This interview was conducted as part of the 2020 Edition of The Best Lawyers in Austria “Law Firm of the Year” award recognitions. Our partner Handelsblatt, also published these awards on June 27, 2019, online and in print in their June 2019 edition.
Safeguarding one's intellectual property and trade secrets, in this digital age of seamless communication and borderless commerce, has never been more difficult. Helping European companies defend their interests against IP purloiners and patent trolls is the team at Vienna, Austria–based Schwarz Schönherr Rechtsanwälte, recently named “Law Firm of the Year” for Intellectual Property Law in Austria. Two of its partners, Georg Schönherr and Thomas Adocker, sat down with Best Lawyers CEO Phillip Greer to discuss trade secrets, patent infringement, and why zero-tolerance is the only worthwhile anti-counterfeit strategy.
Theft of trade secrets has become a prominent area of discussion in America—in fact, it’s one of the big points of contention in the U.S.-China trade war. How prevalent is such theft, and how do you advise clients to protect themselves?
Georg Schönherr: There has been much discussion on this in the European Union—there’s a new EU directive that has been implemented in Austria. The [intellectual property] community was talking a lot about this, but we doubt it has had a lot of influence on the cases we have in Austria. This might change now, but up to now, it was more an academic issue than something we were doing a lot in our practice.
Thomas Adocker: The problem is when you compare trade secrets with patent infringement. If you look at a product, you can assess whether the features of the patent are fulfilled or not. If they are fulfilled, is it patent infringement? If not, it’s not. When you question whether a product was produced using trade secrets, it’s very difficult to prove this. The defendant may say no; this was not based on trade secrets. This was based on our own research—and it’s much more difficult in practice to prove infringement of trade secrets. This makes it more difficult than other IP cases, and it’s the reason why there is not as much IP litigation in the trade-secrets field as in the patent field.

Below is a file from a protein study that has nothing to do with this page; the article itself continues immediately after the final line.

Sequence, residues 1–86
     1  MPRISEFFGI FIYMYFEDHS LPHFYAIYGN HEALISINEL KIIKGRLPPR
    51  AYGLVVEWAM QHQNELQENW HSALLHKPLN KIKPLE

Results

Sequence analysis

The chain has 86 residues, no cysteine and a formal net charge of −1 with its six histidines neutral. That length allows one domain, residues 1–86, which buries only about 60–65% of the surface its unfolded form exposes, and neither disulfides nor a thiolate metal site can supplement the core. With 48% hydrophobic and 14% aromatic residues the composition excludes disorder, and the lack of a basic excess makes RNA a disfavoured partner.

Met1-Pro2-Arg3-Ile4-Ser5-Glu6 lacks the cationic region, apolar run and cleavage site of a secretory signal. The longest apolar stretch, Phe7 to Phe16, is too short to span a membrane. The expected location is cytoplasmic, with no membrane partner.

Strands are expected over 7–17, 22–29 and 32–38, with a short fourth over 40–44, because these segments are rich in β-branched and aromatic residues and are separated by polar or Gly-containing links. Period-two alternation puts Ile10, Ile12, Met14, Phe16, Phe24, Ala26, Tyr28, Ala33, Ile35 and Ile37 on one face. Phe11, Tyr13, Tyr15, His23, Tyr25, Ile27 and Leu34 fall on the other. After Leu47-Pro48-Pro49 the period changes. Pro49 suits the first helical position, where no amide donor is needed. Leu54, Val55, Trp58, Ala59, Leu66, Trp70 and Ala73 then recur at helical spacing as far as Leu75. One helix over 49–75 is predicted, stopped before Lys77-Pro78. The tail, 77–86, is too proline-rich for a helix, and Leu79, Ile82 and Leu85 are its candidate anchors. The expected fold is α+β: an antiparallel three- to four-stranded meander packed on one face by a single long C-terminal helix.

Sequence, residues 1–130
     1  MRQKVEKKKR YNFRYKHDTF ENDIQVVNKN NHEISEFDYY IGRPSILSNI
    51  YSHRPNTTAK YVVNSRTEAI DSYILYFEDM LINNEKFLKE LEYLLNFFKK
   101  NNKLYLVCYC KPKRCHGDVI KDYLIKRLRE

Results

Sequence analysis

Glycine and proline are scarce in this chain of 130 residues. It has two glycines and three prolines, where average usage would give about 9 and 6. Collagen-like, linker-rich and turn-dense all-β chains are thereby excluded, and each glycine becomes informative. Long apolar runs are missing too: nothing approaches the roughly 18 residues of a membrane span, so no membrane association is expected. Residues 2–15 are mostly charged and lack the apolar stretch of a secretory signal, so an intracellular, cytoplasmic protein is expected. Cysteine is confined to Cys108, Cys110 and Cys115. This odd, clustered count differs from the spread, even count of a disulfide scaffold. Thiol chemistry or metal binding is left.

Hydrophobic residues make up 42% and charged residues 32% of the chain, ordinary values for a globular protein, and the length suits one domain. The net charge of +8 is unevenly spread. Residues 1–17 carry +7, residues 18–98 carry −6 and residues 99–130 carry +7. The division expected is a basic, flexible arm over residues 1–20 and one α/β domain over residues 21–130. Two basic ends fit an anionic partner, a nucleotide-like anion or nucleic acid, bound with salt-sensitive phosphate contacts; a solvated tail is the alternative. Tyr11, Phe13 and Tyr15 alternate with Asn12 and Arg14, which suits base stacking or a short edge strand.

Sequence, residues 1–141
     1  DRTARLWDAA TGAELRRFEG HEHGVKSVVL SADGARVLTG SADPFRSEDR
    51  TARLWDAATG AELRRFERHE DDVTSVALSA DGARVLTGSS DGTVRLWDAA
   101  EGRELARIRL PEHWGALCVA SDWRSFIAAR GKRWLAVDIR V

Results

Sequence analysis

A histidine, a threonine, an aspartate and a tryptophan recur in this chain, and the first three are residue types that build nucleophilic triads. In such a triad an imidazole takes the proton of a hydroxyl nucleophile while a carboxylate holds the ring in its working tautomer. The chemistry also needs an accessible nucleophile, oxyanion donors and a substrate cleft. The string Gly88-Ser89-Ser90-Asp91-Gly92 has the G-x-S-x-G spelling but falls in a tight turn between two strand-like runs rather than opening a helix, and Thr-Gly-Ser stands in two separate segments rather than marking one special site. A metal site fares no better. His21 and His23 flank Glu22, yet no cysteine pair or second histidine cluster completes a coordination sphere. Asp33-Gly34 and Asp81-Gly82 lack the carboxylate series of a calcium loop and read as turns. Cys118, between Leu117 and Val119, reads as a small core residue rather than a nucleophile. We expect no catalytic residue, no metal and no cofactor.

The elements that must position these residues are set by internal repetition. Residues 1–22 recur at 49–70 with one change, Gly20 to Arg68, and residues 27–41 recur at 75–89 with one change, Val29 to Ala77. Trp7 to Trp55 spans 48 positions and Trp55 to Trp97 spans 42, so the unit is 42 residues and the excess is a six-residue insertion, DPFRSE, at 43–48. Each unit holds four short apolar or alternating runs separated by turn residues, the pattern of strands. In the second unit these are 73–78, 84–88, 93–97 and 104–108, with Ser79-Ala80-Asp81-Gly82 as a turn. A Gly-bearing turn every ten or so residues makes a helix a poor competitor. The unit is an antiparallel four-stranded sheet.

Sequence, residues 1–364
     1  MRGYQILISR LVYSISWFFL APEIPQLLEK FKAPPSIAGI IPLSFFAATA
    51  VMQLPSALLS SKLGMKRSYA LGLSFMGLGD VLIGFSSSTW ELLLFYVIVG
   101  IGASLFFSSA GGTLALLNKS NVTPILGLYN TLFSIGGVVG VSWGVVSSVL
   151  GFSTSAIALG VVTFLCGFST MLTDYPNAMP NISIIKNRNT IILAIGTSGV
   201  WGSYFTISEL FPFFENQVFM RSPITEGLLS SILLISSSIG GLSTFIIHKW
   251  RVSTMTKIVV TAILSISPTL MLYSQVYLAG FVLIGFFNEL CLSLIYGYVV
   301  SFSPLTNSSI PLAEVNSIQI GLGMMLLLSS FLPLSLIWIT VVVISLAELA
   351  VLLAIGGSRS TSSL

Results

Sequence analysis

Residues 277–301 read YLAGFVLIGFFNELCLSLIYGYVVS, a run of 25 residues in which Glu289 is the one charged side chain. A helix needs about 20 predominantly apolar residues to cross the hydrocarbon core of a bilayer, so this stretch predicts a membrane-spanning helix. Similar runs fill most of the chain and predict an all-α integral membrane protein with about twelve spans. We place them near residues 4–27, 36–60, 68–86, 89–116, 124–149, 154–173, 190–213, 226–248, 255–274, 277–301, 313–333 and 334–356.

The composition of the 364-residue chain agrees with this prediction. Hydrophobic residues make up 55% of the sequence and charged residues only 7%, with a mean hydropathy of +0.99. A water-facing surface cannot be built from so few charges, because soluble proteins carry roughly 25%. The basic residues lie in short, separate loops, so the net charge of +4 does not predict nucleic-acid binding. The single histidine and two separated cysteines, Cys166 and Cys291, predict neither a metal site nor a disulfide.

Have you found there to be an increase in cross-border disputes regarding intellectual property?
GS: Yes, but we’ve had cross-border disputes for a long time. We have them in patent infringement cases, in trademark cases. We represent many big international companies, and it often happens that they’re fighting in different jurisdictions at the same time. Even the lawyers coordinate their activities. So, this is something really well known to us; it happens frequently.
Some people believe patent trolls are becoming a significant problem, especially in the technology space. Have you had any experience with that?
TA: Yeah. In one case, still pending, our client is a main provider for electronic certification services and partnered with federal institutions, as well as several banks and companies, and filed a nullity suit against the patent of such a troll. The troll had filed an infringement lawsuit against our client. The infringement lawsuit was stayed until the final decision. We were aware that the patent owner already sued some other major companies, like Google. So, he’s well known in the community as a famous troll.
What about physical goods, meanwhile? Fake goods have always been around, but they seem to thrive in the e-commerce environment. What strategies have you used to protect your clients?
GS: Our strategy against counterfeits is a zero-tolerance policy, which means we do a lot of work for many famous, mainly fashion companies—we go to criminal court, we do private prosecution proceedings. We try to be as tough as possible on this.
Are there any upcoming projects or other work you’re particularly excited about?
TA: We’re always excited about new cases, and fortunately, our pipeline is very well filled. With regards to patents, for instance, there’s big litigation starting in the [coming] weeks in the sector of mountain lifts and ropeways.
GS: Regarding trademarks, a few weeks ago we won a major trademark case with the Austrian Supreme Court [of Justice] against Unilever. It was about the shape of ice cream. This was everywhere in the newspapers in Austria—a big case, a very prestigious case. It’s a leading case of trademark law and unfair competition law, so we’re very excited about that.
This interview has been edited for length and clarity.